Movie Review: ‘Shang-Chi and the Legend of the Ten Rings’ is one step forward for Asian representation but not for plot


‘Shang-Chi and the Legend of the Ten Rings’ is now playing in theaters. (Photo courtesy of IMDB)

By Myles Wolf

Grossing $258 million worldwide since its release, “Shang-Chi and the Legend of Ten Rings” is making strides for the movie theater industry since the pandemic, but does it deserve the appraisal?

I came into “Shang-Chi” with rather high expectations. It was clear to me from its cast members, action scenes and storyline that Marvel wanted to create a film for the ages. While in many respects this works, I feel that one more revision of its script could have made for a truly fantastic film that had the right balance of action and plot.

“Shang-Chi” follows the story of Shawn (Simu Liu), who appears to be just an average valet driver. However, when he is pursued by his father and the mysterious Ten Rings crime syndicate, it is revealed that he is actually a master martial artist named Shang-Chi. Their reunion forces Shang-Chi to come to grips with his dark past and legacy in order to stop his father from unleashing an evil power that could potentially destroy the world.

The first half of the film is effective at building the plot as it teases a dark family secret that shrouds the film in mystery and anticipation. However, when the truth of that past is finally told, the outcome is not worth the wait as the second half devolves into a conventional action film with a montage of generic war-movie clichés.

While some might enjoy all the action, I found myself wanting to return to the first half where I felt that the action scenes were actually interwoven into the storytelling. All of these scenes are unique because the film smartly takes advantage of different settings that are woven into the fight choreography. My personal favorite was towards the beginning of the film where Shang-Chi must fend off a horde of goons in a moving bus while also working with his friend Katy Chen (Awkwafina) to prevent it from crashing.

The film also contains a number of unnecessary characters that should have been cut out. Most notably is the introduction of Trevor Slattery’s (Ben Kingsley) furry sidekick, Morris, who constantly breaks the fourth wall with jokes that do not land. He is not only an ear sore, but is also perhaps the worst movie creature I have ever seen, what I can only describe as an unfinished special effect that has disgusting grey fur, ugly scaled wings and no face.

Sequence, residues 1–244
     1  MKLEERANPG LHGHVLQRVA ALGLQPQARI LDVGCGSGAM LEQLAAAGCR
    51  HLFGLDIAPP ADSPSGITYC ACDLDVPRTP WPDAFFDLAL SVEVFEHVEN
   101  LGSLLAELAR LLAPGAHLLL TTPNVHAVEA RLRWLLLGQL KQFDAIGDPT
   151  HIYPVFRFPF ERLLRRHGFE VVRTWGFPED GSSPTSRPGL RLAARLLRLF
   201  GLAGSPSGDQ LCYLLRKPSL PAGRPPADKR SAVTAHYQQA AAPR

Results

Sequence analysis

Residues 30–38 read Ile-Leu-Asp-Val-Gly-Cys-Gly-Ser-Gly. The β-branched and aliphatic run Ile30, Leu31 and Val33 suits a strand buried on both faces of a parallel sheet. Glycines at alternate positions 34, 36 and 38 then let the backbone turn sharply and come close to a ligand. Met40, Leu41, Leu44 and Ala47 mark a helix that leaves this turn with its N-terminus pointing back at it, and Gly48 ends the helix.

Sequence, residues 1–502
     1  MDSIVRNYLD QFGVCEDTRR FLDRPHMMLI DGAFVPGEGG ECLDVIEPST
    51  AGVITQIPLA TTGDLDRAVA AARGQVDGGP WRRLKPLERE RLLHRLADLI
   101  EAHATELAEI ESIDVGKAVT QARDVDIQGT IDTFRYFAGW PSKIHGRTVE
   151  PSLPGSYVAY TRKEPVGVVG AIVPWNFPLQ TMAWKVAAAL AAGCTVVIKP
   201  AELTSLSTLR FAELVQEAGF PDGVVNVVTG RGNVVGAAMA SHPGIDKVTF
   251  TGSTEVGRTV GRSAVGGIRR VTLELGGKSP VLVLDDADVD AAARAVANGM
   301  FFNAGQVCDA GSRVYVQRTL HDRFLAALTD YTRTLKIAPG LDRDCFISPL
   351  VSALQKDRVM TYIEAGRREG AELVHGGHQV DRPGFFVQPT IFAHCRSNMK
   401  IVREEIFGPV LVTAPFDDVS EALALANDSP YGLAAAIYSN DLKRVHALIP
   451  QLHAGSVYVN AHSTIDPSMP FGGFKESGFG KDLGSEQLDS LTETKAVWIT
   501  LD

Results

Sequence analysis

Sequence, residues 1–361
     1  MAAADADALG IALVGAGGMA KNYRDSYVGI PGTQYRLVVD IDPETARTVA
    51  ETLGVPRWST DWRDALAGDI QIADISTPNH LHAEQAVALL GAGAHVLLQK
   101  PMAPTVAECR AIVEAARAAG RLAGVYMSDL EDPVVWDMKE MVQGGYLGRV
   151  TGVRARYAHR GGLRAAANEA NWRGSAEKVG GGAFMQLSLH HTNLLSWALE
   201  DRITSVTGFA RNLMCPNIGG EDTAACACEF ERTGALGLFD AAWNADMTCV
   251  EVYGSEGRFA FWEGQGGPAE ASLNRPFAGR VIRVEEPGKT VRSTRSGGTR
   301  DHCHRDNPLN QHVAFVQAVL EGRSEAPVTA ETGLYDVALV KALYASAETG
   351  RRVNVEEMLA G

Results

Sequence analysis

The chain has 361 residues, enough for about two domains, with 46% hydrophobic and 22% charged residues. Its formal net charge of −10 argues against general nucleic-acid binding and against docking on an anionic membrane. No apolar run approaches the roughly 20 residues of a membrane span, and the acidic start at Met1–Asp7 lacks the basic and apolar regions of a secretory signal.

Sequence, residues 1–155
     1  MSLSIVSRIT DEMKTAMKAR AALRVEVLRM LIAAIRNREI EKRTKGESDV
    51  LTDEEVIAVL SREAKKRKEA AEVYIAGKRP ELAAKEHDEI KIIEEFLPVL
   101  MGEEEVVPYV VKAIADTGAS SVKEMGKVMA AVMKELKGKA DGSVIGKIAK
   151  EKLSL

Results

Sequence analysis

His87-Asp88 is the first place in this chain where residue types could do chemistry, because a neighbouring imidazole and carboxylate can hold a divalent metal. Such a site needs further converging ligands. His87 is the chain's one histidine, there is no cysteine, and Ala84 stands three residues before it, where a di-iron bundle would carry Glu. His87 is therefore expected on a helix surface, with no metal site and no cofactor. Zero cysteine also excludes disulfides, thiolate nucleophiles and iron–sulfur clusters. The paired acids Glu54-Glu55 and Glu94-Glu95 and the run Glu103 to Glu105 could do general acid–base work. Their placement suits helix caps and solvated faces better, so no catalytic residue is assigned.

In addition, Awkwafina’s performance in the film did not exceed expectations. As a charming and comical actress, I was very interested to see how her humor could be utilized in an action film. However, the script gave her very little to work with, and her character was rather dull. Regardless, I can appreciate that her role brings in a different kind of audience for “Shang-Chi” as well as Asian films in Hollywood.

Despite its downfalls, “Shang-Chi” is a film worth supporting due to its Asian representation amongst an industry that lacks it. There is a long-standing history in Hollywood of whitewashing Asian roles with white actors, and films like “Shang-Chi,” which follow in the footsteps of “Crazy Rich Asians” (2018) and “Nora from Queens” (2020) are doing the very important work of putting into place better practices and representation for Asian actors in Hollywood.

Another commendable aspect of this film is the inclusion of Asian artists in the soundtrack. A number of popular Asian artists such as Rich Brown, the Higher Brothers, 88rising and Niki have contributed work to this film. Hopefully, the box office success of “Shang-Chi” will further inspire other filmmakers to continue inclusive practices.

In short, I disagree with many critics that “Shang-Chi and the Legend of the Ten Rings” is a masterpiece and would only modestly recommend this film for its first half, excellent action scenes and its inclusion of Asian actors. Going forward, I strongly feel that casting Asian actors in films is a great first step, but the Asian community deserves an all around great movie, not just a great first half.

Correction 9/22/21: This article previously stated that Trevor Slatterly’s character exhibited animal features.